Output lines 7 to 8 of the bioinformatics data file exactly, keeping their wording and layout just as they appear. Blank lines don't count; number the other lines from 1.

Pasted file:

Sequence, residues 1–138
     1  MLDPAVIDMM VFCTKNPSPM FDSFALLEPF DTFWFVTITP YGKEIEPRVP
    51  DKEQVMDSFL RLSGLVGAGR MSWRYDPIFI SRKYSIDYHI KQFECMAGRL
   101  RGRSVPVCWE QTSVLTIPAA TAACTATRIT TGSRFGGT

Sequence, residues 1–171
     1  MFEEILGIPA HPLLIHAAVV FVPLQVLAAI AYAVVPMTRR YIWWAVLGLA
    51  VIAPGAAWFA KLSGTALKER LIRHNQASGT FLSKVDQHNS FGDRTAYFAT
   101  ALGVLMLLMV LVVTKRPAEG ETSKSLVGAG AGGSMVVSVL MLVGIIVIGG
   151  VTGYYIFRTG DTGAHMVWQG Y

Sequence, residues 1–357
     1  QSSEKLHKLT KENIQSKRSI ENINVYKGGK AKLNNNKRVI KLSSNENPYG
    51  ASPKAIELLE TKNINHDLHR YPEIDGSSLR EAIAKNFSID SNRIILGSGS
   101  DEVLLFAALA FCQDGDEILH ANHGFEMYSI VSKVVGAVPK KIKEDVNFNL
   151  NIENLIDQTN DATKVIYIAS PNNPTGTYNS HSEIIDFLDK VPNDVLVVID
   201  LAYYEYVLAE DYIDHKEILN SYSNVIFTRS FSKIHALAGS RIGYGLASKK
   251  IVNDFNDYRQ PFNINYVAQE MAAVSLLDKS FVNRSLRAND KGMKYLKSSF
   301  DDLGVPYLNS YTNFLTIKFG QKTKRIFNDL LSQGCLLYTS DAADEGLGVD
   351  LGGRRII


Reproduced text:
    51  VIAPGAAWFA KLSGTALKER LIRHNQASGT FLSKVDQHNS FGDRTAYFAT
   101  ALGVLMLLMV LVVTKRPAEG ETSKSLVGAG AGGSMVVSVL MLVGIIVIGG